Acting can be seen a little like learning a second language. From a practice standpoint.
In the beginning, you know a few words and have a few tools at your disposal. As you get better you can go deeper into a language, and maybe even get a few jokes, and carry on a conversation. Go even deeper, and you will get the "inside jokes" of a language, things like playing of words and such. When you become turely fluent, you're not even thinking of what you're going to say. You have a thought and communicate it.
Acting is very very similar. At first, you do everything with just the few tools that you have. You're really good at angry, so everything takes on that color. After a while, you get a little better, and have some measure of proficiency, and can call on different emotions. Go even deeper, and you see what the writer meant or the deeper meaning in the script and how it all ties together. But when you're really fluent, when you've reached the point of virtuosity, you find that you're just communicating. You're not thinking of what to say next. You're feeling, and the words just flow out.
This all happens, of course, through practice.
It's amazing, really, that people would never think of going to a foreign country without even picking up a phrase book. Yet they would get up on stage and try to give it a go. Even better when the director, or casting looks at you like, "What was that?" and you go into a explanation of what you were trying to do!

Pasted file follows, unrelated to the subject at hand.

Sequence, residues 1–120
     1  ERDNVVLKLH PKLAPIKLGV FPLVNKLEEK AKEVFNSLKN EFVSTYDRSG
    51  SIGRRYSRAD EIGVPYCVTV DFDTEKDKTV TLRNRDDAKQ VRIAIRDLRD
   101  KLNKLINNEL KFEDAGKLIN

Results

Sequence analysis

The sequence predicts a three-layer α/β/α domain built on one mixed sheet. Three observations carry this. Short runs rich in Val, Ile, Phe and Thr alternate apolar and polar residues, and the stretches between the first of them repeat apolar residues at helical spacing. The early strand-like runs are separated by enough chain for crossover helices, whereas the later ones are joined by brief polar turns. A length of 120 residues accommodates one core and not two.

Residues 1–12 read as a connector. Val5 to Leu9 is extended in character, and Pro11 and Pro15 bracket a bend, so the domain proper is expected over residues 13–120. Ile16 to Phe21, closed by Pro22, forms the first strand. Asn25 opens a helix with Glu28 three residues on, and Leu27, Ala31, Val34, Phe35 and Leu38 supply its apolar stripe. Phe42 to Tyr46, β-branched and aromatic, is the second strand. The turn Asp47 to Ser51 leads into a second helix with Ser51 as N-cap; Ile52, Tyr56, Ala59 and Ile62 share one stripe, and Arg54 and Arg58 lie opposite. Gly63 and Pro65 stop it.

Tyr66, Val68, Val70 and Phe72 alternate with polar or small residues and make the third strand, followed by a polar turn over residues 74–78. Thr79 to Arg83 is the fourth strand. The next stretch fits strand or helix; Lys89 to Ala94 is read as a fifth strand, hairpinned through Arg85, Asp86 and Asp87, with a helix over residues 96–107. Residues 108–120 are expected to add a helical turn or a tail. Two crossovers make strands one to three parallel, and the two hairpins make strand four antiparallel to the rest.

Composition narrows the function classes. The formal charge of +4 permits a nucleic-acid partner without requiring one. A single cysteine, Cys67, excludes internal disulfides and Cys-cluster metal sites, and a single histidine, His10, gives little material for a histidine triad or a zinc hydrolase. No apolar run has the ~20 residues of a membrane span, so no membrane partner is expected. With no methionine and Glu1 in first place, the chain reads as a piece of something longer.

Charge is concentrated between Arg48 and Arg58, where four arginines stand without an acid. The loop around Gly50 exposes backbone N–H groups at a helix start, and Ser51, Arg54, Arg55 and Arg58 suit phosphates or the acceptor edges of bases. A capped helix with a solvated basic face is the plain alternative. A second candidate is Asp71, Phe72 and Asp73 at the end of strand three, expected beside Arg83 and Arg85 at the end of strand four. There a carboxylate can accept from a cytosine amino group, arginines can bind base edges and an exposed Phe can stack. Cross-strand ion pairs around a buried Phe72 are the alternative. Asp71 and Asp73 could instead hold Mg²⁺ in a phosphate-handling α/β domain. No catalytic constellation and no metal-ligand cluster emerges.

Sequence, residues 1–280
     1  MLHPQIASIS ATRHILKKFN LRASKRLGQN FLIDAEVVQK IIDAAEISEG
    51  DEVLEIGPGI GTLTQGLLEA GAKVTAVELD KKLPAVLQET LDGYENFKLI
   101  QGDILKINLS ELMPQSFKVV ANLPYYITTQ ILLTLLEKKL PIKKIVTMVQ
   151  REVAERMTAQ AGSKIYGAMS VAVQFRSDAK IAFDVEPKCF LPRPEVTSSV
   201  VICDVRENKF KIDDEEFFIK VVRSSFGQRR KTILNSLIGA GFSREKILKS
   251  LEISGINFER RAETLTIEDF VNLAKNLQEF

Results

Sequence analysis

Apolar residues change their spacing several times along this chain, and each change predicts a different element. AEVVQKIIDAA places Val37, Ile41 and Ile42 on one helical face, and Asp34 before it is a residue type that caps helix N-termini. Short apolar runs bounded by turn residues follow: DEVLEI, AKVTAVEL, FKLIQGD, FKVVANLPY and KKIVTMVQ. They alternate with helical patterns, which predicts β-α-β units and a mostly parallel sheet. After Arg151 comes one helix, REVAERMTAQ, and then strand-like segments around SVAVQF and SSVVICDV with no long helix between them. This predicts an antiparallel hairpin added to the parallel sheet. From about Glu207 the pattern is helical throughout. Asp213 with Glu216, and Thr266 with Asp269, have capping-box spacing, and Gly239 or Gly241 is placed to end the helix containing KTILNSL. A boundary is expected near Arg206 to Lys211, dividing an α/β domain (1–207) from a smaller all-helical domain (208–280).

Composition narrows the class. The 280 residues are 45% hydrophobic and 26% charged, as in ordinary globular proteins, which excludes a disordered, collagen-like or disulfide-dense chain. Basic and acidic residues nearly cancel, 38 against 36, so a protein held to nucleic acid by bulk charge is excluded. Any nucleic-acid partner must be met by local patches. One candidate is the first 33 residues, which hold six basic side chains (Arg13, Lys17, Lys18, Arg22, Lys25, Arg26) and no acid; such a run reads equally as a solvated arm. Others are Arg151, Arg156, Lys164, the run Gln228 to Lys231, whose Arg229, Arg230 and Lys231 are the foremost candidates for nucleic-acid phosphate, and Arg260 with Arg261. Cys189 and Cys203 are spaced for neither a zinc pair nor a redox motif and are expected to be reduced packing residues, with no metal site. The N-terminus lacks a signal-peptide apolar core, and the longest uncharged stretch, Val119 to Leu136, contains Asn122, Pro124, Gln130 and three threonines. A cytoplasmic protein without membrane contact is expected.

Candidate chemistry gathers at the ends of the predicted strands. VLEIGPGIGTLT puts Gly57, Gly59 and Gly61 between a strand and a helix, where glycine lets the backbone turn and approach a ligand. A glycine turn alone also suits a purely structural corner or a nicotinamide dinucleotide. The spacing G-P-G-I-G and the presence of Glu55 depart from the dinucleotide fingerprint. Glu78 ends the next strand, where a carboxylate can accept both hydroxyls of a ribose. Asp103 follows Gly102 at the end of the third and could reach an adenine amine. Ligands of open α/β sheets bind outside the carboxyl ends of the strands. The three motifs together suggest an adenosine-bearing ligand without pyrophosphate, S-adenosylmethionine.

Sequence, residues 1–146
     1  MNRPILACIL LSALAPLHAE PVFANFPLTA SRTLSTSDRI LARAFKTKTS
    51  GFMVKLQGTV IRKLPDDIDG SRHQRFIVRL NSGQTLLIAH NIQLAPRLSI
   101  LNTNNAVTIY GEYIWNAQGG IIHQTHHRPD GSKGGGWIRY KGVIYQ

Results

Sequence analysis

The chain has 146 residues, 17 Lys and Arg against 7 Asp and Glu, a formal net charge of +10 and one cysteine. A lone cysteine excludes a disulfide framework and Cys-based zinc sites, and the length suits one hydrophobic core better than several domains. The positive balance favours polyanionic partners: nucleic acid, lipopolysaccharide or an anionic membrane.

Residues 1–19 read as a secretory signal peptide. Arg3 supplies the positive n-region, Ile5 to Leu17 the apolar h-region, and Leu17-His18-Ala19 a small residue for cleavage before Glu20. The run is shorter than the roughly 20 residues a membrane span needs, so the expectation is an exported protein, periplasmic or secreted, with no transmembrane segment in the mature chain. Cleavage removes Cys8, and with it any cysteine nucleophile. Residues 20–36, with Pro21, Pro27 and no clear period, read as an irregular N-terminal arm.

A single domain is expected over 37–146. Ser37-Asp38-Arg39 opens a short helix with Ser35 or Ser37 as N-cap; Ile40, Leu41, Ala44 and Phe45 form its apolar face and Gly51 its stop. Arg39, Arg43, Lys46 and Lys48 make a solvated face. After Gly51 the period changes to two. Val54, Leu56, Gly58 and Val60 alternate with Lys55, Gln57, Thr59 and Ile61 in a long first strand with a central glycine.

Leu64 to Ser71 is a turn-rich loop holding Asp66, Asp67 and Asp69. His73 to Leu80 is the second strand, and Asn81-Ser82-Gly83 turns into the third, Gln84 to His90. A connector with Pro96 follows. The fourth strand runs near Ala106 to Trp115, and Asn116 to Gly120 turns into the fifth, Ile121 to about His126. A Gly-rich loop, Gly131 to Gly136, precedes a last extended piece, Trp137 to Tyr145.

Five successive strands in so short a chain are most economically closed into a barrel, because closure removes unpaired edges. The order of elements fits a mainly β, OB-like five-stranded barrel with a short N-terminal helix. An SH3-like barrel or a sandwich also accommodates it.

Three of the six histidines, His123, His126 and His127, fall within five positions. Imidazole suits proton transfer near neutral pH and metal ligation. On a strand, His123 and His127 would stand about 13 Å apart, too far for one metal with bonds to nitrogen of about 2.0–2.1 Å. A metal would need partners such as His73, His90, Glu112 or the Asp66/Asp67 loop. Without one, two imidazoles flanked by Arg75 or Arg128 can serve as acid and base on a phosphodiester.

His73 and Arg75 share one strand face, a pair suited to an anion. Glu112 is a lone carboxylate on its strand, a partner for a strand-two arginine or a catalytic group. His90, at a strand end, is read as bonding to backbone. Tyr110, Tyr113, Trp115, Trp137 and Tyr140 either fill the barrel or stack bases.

You need daily practice, just like you do in a foreign language. Sure, if you live on set, and you're on day 106 of a 200 day shoot, I would think that you have your stuff pretty well dialed in. This is like living in France for a year, and really having your french dialed in. If, however, it's been a while since you've had a audition, and you're current scene partner is lame about making it to rehearsals, Wwell, you're probably going to get a little rusty. Just like if you came to the states and didn't speak a lick of French for a while.
If you met a French person, you could get your point across, but after parting ways, you'll probably be thinking, "Ah, I should've said it this way, not that way." Does that phrase sound familiar? Ever had that internal dialogue inside your head after an audition?
Yeah, thought so.
You need to practice every day. You need to be emoting. You need to get your tongue around some words. You need to be moving. There are a lot of ways to make all that happen. Stay tuned, and we'll give you some tools.